Hope is a Promise
Hope. This is what the prophets promise us. Every time. Despite their dire warnings that choosing to live apart from God’s covenant of love and loyalty will undoubtedly result in destruction, the prophets never leave us without some hope. And that’s definitely the case in Isaiah 33.
The only reason we need hope is because sometimes things are really bad. Destruction, tumult, fear, broken promises: Isaiah says even the land itself mourns for what has happened, for what God’s people have brought upon themselves. And yet … God is not finished. God has promised restoration, and that is where we ground our hope. Like our spiritual ancestors, we don’t just wish or assume that things will get better on their own. We stake our lives on the promises of the One we know. We remember that God has been faithful in the past and so we trust that God will be faithful in the future as well.
This is not an easy task. Hope is radical, especially when we are honest about what is happening around us. To trust that what we see now is not all that can ever be, to choose to see God’s good future breaking out in the midst of our present is a powerful act of resistance. When we choose to see God’s future instead of our present (see verses 17-22), we will find that God has given us the strength and courage to begin living in that future right now. And that is how we demonstrate our hope.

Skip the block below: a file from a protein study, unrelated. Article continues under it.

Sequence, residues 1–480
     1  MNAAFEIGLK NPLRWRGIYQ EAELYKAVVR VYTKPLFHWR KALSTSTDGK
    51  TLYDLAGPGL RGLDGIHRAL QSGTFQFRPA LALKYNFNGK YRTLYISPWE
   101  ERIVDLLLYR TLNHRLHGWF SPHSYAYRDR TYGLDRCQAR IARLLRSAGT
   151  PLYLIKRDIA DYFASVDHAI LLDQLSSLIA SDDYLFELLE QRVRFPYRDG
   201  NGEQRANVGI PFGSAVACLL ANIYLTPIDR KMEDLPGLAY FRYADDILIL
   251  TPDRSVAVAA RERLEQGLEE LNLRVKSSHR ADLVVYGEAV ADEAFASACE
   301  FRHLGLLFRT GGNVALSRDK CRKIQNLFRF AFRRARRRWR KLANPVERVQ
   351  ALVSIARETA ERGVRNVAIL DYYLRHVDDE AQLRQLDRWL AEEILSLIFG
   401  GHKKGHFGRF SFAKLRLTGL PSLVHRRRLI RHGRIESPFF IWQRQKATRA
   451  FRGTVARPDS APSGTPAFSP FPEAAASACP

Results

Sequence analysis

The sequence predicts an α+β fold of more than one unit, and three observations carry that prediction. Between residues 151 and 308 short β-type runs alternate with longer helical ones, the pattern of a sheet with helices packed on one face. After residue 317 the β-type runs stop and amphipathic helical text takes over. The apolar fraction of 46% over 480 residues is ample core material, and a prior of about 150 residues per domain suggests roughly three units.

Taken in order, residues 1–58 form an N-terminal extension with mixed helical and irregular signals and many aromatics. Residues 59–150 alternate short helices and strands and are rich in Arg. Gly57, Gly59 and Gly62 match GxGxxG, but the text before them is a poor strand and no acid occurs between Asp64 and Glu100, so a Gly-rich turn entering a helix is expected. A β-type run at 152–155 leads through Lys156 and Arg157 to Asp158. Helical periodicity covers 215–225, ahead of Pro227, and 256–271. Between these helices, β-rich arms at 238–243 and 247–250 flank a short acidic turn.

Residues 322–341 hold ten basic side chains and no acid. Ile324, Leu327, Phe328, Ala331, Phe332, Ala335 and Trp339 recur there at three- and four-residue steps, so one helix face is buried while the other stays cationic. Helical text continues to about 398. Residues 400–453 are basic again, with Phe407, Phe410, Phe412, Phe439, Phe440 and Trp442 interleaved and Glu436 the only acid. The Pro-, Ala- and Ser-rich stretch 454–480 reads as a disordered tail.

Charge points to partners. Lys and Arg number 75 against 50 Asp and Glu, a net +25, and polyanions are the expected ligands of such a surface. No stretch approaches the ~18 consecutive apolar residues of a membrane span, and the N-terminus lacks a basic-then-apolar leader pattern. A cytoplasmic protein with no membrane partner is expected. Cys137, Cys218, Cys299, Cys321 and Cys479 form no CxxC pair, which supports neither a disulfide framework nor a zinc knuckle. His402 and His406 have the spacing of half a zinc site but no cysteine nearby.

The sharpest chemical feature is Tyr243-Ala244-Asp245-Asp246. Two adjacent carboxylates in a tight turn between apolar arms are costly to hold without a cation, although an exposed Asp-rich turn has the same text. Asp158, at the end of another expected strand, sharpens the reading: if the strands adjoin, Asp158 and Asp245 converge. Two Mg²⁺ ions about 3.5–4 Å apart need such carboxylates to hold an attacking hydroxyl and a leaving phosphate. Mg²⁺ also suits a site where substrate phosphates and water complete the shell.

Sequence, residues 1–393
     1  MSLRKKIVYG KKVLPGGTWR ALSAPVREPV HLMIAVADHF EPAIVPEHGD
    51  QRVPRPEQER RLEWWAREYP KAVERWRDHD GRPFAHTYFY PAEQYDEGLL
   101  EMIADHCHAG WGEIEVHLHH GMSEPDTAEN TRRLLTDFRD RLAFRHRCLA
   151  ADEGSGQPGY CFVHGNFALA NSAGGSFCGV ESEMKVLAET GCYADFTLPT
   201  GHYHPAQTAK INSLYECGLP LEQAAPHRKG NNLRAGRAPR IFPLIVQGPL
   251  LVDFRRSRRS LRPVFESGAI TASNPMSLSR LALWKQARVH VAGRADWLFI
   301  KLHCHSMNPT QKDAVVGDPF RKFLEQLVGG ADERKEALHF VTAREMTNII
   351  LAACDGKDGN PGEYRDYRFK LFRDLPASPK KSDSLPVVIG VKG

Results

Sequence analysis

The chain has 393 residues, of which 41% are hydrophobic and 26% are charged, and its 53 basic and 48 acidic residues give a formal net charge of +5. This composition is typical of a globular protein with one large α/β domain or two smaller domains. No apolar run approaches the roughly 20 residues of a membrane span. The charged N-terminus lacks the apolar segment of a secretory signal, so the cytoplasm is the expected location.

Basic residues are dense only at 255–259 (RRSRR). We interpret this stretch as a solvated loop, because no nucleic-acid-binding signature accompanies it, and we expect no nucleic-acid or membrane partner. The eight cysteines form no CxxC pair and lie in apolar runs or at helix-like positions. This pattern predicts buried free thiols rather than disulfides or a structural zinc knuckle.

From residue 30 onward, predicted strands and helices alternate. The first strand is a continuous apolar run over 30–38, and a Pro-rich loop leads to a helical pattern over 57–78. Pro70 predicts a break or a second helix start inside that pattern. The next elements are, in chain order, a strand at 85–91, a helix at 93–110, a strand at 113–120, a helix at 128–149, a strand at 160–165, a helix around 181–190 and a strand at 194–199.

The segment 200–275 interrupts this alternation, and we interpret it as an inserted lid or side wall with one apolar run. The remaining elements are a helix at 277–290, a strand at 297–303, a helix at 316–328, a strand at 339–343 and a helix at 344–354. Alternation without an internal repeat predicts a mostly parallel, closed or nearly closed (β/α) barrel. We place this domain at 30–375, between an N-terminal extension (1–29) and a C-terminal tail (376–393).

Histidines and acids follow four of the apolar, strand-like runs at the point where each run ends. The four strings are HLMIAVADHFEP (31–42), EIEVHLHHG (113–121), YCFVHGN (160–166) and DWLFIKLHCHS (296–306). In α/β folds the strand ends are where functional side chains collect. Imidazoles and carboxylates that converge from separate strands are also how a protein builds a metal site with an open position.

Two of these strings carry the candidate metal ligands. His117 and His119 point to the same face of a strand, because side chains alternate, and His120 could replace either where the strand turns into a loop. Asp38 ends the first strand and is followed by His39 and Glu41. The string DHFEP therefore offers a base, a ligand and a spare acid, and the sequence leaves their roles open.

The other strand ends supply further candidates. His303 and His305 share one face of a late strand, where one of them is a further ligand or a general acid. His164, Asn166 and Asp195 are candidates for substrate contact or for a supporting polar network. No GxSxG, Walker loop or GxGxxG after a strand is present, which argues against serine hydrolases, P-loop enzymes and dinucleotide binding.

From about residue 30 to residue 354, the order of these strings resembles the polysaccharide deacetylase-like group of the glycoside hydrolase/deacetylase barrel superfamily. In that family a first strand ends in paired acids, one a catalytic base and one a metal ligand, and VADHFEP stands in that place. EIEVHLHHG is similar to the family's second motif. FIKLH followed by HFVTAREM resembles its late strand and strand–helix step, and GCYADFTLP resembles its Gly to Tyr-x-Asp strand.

Read Isaiah 33 again and look for all the good things that the prophet says will happen (key word: “will”). Then ask God to give you hope for what will happen in the situations, both personal and cultural, where you are tempted to feel hopeless.
Rev. Beth Gedert is the pastor of Zion United Church of Christ, an Open and Affirming church seeking to do justice, love mercy, and walk humbly with God in Delaware, Ohio
©2019 by individual authors and Facebook Narrative Lectionary Group. This work is published under a Creative Commons Attribution-NonCommercial-ShareAlike 4.0 International License.